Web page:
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Of course we have many factors that affect ageism such as race, gender and class. But we still see a lot of ageism in many areas of society such as media, workplace, and educational settings just to name a few. Then there are things like sexuality that suddenly becomes taboo as we age. Collectively older people experience ageism but it still is different for men and women. In a study done on young adults and their implicit and explicit views of sexuality in the elderly, they found that younger adults had a less favorable perception of sexuality in older adults. To find this out the researchers used the Implicit Association Test (IAT). Based on a few factors, younger people were more likely to explicitly show approval of sexuality in older adults but with the IAT combined with a few other methodologies, they found that implicitly they had more bias towards ideas of sexuality, especially among older adults. (Thompson et. al) Gender is intersecting with ageism. The way in which women experience ageing is obviously different than mens. The way in which we perceive both genders as they get older is different too. As we mentioned women are conditioned to be passive, submissive nurturing caretakers that also have to worry about their sensuality and femininity. When women get older they experience menopause which is when the body stops having the ability to reproduce.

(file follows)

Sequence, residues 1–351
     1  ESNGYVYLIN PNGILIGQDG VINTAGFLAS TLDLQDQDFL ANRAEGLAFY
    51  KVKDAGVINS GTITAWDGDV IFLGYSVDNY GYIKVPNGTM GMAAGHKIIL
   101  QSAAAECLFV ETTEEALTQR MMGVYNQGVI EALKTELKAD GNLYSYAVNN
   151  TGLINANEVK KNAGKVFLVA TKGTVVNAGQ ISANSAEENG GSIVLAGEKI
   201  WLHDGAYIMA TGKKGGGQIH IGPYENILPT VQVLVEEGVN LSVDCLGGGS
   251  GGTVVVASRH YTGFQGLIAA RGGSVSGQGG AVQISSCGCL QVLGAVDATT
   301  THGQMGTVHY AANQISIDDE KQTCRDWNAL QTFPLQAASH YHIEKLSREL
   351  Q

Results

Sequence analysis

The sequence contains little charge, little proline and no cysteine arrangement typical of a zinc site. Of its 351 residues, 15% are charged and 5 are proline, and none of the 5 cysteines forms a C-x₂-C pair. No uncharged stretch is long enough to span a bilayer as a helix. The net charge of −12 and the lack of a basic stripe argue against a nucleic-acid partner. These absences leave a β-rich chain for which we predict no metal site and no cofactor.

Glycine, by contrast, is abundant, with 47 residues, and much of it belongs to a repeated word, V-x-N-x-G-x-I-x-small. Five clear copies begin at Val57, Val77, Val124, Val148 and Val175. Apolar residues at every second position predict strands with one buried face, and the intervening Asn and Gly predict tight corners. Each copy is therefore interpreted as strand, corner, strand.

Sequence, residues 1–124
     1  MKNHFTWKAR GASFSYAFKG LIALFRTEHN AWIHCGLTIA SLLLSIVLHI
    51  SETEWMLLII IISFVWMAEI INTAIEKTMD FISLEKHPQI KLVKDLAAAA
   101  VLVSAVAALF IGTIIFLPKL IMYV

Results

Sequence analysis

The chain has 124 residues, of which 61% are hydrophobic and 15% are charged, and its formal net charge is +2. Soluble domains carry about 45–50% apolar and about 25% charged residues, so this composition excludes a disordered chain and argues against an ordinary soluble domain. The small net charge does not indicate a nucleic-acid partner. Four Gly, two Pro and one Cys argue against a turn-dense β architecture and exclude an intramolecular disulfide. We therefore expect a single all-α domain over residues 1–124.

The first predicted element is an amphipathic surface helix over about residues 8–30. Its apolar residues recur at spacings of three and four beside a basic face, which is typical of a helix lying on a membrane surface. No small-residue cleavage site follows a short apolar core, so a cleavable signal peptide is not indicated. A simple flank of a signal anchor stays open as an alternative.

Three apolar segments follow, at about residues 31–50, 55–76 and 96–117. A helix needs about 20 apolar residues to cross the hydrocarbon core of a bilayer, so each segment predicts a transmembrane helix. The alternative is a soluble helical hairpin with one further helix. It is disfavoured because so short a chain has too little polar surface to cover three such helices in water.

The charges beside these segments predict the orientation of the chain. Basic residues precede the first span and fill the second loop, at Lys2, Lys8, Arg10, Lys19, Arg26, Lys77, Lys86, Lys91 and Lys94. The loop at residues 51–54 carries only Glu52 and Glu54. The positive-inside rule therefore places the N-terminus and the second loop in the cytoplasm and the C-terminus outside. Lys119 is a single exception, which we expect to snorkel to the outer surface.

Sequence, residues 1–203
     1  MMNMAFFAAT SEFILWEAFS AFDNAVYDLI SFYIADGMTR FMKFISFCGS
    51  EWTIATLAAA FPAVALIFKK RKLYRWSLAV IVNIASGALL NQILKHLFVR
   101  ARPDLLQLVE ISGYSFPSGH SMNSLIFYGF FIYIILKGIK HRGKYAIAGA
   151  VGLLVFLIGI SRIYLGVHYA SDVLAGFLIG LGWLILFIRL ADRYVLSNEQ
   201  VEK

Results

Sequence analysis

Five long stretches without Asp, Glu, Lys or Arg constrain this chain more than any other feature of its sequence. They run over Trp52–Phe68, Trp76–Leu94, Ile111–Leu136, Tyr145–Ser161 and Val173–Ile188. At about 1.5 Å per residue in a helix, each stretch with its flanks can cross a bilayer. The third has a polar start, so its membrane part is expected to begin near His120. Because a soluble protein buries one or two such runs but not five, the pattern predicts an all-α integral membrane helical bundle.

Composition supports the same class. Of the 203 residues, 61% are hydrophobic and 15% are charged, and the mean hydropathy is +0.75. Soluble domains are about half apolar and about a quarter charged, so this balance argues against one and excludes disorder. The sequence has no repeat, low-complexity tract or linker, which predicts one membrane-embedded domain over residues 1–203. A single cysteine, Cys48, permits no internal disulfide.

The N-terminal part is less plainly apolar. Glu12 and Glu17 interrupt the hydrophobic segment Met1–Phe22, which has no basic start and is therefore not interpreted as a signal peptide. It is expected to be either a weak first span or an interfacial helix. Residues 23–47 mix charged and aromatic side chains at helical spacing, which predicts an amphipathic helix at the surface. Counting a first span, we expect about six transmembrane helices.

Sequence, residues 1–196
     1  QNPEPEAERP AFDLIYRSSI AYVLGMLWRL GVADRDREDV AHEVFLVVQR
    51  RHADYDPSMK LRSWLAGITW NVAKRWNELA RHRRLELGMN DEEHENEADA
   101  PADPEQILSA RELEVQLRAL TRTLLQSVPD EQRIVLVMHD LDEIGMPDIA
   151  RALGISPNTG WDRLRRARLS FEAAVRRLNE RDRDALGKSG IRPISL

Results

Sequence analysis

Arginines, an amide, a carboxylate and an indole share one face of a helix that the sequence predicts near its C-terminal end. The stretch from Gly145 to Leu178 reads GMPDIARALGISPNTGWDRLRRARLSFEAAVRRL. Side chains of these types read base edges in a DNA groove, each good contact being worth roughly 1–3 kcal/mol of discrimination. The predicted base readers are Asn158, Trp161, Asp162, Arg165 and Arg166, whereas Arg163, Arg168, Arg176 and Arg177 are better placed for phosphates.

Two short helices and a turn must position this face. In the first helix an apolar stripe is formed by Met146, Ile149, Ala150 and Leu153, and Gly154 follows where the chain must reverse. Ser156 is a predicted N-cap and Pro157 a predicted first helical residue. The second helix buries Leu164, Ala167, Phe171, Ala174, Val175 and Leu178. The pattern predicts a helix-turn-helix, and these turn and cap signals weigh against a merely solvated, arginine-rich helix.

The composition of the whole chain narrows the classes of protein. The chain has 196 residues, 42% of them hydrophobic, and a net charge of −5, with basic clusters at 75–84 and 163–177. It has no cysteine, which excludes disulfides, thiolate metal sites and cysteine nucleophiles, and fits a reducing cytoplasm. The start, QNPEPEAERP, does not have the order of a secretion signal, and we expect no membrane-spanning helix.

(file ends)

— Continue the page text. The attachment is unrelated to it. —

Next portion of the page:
People commonly see this as a bad thing. They see women who have gone through menopause as less feminine because they are not able to have children anymore. Heather Dillaway found that women actually see menopause as a “good old”, specifically for women who have been taking contraceptives. Women said they were more abe to enjoy sex now because they did not have to worry about preventative measures. “Menopause is a reproductive experience first and only an aging experience second.” (pg. 413) Women are pressured into having a family by a certain age. If by a certain age they have not fulfilled having a family they are seen as a workaholic. “Ageing women are stigmatised and marginalised both by ageing and by being ageing women.” (Westwood pg. 3)Women who are older and do not have children or are married or women who are divorced or widowed are labeled by society as either a cougar or a MILF. These representations of women can also be found in movies, TV shows etc. “specific representations of “cougars” or other colloquial references to older women’s sexuality (e.g., MILF—meaning literally “mother I’d like to fuck”) found in the media are frequently tainted with negative connotations.” (Alarie and Carmichael pg. 1253) The whole idea of older women dating younger men is by society a way in which women need validation to feel young again. (Alarie and Carmichael) In this clip of How I Met Your Mother (https://youtu.be/8WzVKcfs5g4) we see Barney and Marshall peeking in on an older professor played by Jane Seymour. Barney sets up a whole scenario about her and how to approach her to get in bed with her. By the way Barney is speaking you feel as if you are watching a show on animal planet of a predator preparing itself to attack its prey.